Observations from Autodesk University 20107 Dec, 2010 By: Robert Green
Conference attendance improved this year, as did the mood, but CAD managers reported that many companies are still struggling.
Last week I was in Las Vegas at Autodesk University (AU), where I taught CAD management and programming classes, co-hosted the Design Technology Manager's Summit, and networked with other CAD managers. As is usually the case, I learned a great deal by talking with other CAD managers while roaming the halls and the show floor.
Rather than write a broad-spectrum show report, I'd like to pass along the information that I think will be specifically useful for CAD managers. Here goes.
The Crowd and the Mood
AU attendance is still down from where it was prior to the recession, but was clearly up from 2009. The information I received was about 7,000 total attendees, up from last year's approximately 6,000. Higher attendance correlates with a sunnier economic mood, since companies send more employees to attend AU when business is better.
The atmosphere at the conference this year was one of cautious optimism, in stark contrast to last year's gloom and doom. I heard a lot of comments like "We think things are getting better — but we'll have to see if our workload really does increase," from attendees and vendors alike. The exhibit hall was well attended; the vendors I met with said they were talking to "serious shoppers" who were trying to position their firms to implement new technologies (with a clear allusion to more BIM [building information modeling] adoption).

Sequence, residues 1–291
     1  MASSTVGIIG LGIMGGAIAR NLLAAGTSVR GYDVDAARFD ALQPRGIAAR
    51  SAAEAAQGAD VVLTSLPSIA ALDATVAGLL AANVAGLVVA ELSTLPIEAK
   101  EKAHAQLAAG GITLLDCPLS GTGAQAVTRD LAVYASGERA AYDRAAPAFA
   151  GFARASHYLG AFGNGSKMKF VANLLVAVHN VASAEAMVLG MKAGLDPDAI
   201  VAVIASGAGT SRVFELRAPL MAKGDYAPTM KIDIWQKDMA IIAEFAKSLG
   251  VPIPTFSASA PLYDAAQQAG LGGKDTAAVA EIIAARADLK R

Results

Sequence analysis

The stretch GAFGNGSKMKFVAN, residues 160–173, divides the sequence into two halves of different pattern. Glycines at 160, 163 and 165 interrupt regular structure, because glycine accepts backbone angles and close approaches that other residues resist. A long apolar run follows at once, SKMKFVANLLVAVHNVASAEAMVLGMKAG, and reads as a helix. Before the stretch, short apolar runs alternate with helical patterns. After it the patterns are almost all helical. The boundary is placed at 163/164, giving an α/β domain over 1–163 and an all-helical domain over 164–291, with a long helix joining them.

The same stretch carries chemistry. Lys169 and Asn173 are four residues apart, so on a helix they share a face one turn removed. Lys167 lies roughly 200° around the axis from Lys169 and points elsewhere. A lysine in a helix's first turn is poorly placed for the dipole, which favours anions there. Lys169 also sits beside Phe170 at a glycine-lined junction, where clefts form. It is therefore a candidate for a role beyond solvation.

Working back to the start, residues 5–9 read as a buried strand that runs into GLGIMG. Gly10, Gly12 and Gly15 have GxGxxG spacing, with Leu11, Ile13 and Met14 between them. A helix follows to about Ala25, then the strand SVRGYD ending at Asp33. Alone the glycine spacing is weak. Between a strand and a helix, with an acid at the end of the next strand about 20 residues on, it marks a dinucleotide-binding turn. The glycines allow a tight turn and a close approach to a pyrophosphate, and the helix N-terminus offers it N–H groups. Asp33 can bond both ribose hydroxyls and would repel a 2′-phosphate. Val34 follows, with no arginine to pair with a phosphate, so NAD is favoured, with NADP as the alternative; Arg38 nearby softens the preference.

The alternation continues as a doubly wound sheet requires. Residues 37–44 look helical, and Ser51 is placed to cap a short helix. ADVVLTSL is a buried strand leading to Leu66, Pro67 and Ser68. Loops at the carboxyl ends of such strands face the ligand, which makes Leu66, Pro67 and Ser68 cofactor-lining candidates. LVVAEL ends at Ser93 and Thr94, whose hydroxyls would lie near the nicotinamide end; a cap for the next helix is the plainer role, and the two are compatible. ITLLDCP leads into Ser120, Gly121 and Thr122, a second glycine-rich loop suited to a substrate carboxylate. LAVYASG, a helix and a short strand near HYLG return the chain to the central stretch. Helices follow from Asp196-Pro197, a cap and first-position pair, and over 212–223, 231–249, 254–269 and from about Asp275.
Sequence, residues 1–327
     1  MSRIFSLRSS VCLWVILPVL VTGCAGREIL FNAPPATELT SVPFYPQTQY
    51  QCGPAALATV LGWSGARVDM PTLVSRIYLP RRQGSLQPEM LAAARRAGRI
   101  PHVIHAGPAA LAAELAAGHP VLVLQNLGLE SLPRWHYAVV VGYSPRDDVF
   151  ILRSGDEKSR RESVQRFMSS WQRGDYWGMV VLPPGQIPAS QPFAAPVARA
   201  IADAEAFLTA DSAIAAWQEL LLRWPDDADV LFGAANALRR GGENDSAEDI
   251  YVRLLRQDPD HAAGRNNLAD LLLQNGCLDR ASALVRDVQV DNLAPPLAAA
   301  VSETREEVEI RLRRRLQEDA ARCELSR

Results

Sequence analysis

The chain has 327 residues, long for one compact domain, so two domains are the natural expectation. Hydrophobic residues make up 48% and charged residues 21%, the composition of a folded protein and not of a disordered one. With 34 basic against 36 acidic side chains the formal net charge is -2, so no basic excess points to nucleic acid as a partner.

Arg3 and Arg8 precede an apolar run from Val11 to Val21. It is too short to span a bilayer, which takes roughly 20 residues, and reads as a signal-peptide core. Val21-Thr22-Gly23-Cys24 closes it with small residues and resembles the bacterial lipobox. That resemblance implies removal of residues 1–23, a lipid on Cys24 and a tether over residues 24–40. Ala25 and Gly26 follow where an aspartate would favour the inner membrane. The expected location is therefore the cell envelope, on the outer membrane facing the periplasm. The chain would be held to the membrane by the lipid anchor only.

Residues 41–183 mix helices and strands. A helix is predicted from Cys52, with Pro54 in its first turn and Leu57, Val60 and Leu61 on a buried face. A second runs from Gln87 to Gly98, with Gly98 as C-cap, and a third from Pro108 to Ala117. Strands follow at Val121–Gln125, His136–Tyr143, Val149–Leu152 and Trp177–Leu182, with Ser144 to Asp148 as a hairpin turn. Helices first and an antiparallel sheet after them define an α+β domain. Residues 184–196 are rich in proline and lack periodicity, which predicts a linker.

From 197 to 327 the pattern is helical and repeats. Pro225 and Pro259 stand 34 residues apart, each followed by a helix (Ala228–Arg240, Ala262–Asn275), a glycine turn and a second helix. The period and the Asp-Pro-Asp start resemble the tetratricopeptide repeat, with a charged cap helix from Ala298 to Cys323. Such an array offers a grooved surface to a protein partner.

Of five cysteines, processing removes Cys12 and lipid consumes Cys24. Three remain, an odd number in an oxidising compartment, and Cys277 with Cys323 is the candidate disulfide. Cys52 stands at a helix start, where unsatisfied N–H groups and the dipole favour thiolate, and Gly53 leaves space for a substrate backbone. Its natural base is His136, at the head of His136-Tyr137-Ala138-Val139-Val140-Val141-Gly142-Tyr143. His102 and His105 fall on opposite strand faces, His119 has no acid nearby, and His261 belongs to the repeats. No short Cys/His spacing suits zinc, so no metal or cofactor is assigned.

I've always conducted informal polling of CAD managers at AU, in an effort to gauge the economic stability of the companies we all work in. I asked for a show of hands in response to the following questions:
- How many of you work in companies that have too much work to do?
- How many of you work in companies with good or normal workloads?
- How many of you work in companies that are laying off?
In 2008 — clearly the doomsday year in terms of layoffs — there were essentially zero "too much" companies, and over half were laying off.
In 2009, 2.5% reported "too much work," 13% were in the "laying off" category, and 30% were in the "good-to-normal" category. That means the remainder — more than half — were somewhere between laying off and having a good project load.